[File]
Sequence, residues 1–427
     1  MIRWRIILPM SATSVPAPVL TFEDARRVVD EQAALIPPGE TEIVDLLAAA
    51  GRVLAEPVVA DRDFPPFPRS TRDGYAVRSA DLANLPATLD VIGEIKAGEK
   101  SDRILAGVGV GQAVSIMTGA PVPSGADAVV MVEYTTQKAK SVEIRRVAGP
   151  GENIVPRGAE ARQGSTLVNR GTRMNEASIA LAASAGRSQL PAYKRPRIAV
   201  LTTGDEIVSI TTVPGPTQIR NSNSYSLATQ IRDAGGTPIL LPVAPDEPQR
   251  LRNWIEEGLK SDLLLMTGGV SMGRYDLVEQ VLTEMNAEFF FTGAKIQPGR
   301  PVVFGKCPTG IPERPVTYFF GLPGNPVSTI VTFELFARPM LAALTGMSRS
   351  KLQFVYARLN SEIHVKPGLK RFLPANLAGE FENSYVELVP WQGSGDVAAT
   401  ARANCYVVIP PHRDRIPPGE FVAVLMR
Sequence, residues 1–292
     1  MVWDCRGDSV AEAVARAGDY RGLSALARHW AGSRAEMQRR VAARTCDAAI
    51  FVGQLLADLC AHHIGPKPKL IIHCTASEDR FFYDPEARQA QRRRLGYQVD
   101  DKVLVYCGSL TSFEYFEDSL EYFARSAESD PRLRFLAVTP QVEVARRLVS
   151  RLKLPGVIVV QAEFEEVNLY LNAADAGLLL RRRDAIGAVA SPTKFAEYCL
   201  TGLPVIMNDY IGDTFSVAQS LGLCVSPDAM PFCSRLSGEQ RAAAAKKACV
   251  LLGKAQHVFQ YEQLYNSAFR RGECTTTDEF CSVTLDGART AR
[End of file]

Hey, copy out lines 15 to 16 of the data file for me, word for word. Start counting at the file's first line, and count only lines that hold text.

   151  RLKLPGVIVV QAEFEEVNLY LNAADAGLLL RRRDAIGAVA SPTKFAEYCL
   201  TGLPVIMNDY IGDTFSVAQS LGLCVSPDAM PFCSRLSGEQ RAAAAKKACV